Editor’s Note: This whiskey was provided to us as a review sample by the BenRiach Distillery. This in no way, per our editorial policies, influenced the final outcome of this review. It should also be noted that by clicking the buy link towards the bottom of this review our site receives a small referral payment which helps to support, but not influence, our editorial and other costs.
BenRiach Distillery enjoys the status of being one of the oldest standing Scottish distilleries, despite long periods of being non-operational. The newest ownership of Brown-Forman and the direction of Master Blender Rachel Barrie is building upon this legacy, and creating its own signature marks. A few distinctions that mark BenRiach’s whisky are their in-house floor maltings, three styles, and eclectic cask maturation.
These newly re-crafted expressions, along with The Thirty (reviewed here), really highlight that eclectic cask maturation. The Twenty One sees time in ex-bourbon, ex-sherry, virgin oak and Bordeaux wine casks. The Twenty Five spends its life in the first three as well, but swaps out the Bordeaux for Madeira. Both expressions also employ the use of peated malt in addition to the standard majority of unpeated – another common practice for BenRiach.
Bourbon and sherry are the most common Scotch whisky finishes. Here together they set up the foundations for the full spirit – bourbon with its sweetness, sherry with its dried fruit and spice. The virgin oak is a bit more of an outlier. All whiskies are strongly affected by the flavors of the cask, and virgin oak can push Scotch whisky, which is typically matured in used casks, to the point of oaky harshness, or even astringency.
The real standout casks here are the Bordeaux and the Madeira, both present in the world of Scotch but used markedly less – not least because of the higher costs associated with procuring them. The Bordeaux seems to bring more of a drying presence than a punch of flavor, while the Madeira is the complete opposite, bursting with juicy peach notes.
Along with The Thirty, this range presents an older range of core expressions for BenRiach. According to a statement from Barrie, this range is “an opportunity to experience the diversity and versatility of Benriach’s orchard fruit-laden style, elevated by a longer maturation time.” Barrie goes on to call the range “beautiful reflection of the landscape around the distillery” – a landscape that fans can see for themselves when the distillery opens for tours later this year.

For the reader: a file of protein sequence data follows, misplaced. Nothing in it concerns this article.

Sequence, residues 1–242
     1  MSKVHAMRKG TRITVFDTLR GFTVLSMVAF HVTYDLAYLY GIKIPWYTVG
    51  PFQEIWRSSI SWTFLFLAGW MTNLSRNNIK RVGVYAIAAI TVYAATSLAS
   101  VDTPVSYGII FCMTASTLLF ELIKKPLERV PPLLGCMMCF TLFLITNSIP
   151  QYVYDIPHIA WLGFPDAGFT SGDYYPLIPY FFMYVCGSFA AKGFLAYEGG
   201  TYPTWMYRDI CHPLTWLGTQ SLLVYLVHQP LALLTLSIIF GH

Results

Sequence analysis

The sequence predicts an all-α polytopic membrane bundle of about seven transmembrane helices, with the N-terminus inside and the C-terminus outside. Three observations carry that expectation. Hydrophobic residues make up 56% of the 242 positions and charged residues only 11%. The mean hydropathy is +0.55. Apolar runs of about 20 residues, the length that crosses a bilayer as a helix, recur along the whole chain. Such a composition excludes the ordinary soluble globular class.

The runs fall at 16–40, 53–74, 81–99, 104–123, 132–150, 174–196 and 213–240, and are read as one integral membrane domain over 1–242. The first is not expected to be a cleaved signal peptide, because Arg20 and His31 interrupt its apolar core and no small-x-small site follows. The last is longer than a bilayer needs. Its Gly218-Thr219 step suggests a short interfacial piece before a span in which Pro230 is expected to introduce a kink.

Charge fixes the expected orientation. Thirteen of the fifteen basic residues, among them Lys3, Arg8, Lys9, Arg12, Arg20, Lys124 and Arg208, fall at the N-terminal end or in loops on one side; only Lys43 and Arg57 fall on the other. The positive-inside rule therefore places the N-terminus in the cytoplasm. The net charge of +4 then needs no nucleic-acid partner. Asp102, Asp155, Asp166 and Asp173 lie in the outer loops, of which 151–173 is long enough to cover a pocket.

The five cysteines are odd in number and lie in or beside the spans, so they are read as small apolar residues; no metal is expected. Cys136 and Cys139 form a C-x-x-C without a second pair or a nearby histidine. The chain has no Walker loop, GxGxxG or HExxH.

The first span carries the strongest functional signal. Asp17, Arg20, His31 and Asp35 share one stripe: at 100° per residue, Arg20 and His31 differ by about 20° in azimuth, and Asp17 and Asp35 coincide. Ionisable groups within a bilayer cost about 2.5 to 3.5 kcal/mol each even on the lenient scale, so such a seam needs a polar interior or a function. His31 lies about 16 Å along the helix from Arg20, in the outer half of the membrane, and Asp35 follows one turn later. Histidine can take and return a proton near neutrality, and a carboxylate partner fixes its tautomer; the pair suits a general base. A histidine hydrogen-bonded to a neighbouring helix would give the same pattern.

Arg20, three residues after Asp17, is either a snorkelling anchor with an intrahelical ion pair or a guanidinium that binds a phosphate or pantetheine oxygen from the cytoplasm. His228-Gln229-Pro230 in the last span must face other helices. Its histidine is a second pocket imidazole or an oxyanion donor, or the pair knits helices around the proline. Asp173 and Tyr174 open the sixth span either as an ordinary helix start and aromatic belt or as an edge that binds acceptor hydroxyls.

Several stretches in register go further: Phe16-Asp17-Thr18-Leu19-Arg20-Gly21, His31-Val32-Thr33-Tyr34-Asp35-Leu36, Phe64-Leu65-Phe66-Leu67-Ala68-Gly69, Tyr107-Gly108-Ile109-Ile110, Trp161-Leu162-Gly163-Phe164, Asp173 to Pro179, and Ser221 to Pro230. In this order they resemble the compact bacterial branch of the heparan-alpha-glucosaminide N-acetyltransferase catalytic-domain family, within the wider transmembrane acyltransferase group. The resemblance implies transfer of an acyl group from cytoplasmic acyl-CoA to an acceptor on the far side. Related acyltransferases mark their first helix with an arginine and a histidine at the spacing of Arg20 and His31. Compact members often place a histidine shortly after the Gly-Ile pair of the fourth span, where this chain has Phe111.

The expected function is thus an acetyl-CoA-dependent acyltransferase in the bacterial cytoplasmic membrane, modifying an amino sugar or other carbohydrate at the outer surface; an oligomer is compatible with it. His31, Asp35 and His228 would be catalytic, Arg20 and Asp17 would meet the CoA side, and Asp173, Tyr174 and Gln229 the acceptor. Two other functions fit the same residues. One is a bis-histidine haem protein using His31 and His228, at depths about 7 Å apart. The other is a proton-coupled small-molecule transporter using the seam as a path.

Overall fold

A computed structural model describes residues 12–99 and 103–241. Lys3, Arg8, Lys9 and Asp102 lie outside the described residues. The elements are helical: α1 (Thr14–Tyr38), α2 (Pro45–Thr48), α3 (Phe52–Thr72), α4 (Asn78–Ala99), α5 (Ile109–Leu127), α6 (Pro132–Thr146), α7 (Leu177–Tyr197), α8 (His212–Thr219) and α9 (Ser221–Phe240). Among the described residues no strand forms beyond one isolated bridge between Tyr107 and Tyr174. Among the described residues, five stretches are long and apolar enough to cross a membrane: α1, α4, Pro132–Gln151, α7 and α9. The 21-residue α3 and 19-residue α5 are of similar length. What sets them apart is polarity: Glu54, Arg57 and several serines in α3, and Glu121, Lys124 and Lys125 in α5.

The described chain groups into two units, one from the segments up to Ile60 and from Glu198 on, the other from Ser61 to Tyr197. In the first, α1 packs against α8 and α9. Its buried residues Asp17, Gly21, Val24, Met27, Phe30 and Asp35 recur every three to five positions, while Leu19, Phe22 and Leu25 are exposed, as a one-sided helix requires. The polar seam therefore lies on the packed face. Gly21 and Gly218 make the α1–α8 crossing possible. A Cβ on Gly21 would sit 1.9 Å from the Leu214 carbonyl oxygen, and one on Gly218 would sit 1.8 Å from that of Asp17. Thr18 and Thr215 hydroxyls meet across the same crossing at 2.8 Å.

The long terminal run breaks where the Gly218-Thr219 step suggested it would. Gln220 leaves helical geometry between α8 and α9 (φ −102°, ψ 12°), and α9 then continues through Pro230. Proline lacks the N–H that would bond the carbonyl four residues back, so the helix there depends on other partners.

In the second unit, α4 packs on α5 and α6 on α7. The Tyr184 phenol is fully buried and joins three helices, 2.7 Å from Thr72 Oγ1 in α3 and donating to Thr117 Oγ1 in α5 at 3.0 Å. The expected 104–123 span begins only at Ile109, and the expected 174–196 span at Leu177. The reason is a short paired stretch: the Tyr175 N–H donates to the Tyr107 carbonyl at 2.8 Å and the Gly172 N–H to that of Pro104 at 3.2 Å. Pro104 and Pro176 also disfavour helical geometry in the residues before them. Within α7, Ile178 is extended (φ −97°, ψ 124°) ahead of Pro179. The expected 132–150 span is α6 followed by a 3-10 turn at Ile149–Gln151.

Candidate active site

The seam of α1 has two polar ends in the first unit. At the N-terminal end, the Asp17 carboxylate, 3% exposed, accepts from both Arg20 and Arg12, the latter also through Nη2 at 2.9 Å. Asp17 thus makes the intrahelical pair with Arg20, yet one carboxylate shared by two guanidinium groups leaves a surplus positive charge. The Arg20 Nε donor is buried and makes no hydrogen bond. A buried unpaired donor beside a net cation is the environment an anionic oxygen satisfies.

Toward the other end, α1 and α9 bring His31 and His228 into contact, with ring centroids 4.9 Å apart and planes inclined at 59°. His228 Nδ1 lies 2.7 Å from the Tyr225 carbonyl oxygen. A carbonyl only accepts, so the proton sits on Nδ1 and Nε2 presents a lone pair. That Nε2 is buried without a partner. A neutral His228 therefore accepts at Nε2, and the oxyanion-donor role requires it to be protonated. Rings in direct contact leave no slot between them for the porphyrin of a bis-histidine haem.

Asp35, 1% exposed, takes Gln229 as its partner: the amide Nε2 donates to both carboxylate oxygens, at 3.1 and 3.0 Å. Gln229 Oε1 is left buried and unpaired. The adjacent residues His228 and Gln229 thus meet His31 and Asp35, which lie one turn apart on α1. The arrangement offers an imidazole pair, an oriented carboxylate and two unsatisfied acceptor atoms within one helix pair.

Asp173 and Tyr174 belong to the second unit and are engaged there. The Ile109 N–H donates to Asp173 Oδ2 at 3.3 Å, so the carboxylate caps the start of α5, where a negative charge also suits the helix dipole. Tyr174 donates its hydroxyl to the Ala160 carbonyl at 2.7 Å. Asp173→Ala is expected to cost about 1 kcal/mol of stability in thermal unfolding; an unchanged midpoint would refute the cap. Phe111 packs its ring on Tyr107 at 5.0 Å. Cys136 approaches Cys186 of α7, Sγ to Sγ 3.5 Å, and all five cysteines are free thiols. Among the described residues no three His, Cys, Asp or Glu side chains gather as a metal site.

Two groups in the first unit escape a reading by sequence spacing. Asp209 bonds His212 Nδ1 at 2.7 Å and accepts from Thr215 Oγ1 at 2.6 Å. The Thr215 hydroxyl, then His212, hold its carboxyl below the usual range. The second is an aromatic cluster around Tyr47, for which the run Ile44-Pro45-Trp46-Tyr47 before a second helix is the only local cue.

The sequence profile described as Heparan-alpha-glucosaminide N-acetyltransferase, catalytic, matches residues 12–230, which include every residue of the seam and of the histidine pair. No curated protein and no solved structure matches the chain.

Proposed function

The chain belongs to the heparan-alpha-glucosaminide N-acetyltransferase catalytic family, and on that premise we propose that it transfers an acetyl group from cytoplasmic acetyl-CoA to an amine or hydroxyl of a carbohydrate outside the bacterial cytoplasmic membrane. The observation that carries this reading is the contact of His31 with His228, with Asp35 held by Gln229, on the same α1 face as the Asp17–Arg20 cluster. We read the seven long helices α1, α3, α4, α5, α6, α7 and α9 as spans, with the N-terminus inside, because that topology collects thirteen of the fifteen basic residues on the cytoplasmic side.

Benriach 21, 25 and 30 year old (image via Benriach)
Tasting Notes: BenRiach The Twenty One Single Malt Scotch Whisky
Vital Stats: 46% ABV, 92 proof, 21 years old, 100% malted barley. Aged in four casks: ex-bourbon, sherry, virgin oak, Bordeaux. Suggested retail price of 750ml is $139
Appearance: Light, honeyed gold, with the brightness of sparkling apple cider
Nose: Peat smoke hits you in the face and remains throughout, with some mellowing into hints of fresh apple and fruit leather
Palate: Light and bright, without any viscosity in texture. The smoke from the nose is much more approachable on the palate, with cereal grains leading the way. Buttered toast comes up mid-palate, with more of the peat smoke coming through as the sip goes on. A touch of dark chocolate hits on the back palate.
Tasting Notes: BenRiach The Twenty Five Single Malt Scotch Whisky
Vital Stats: 46% ABV, 92 proof, 25 years old, 100% malted barley, Aged in four casks: ex-bourbon, sherry, virgin oak, Madeira, 750ml $444
Appearance: Similar to The Twenty One, with more of a red hue. Think apple juice as opposed to apple cider
Nose: Stronger than The Twenty One, with only a suggestion of peat. Slightly cloying musk leads into very fragrant suede leather
Palate: A heavier taste, with a heavier texture as well. More smoke comes through here, but with a lighter and more floral taste to it. Some complex vegetation, slightly bitter but extremely flavorful, leads into a warmer, spicier ending like peach pie. Notes of dried apricot send off the long finish.
The Takeaway: The differences in age and finish really make themselves known in these two expressions. However, their shared origin is detectable also.The Twenty One is well-crafted and distinct, and the price point is very reasonable, but is not exactly a stand-out for a Scotch of its age. The high-octane sort of smoke flavor was a little too heavy-handed for my taste. The Twenty Five, in contrast, comes through. I found it to have flavors that were simultaneously reliably familiar and beloved, and quite unique for Scotch.
Talia is part of the Portland service industry community, and an alumna of the Multnomah Whiskey Library. She’s an avid spirit and cocktail enthusiast, and likes to experience them both academically and recreationally. When not sipping whiskey she’s a ceramic artist and lover of travel.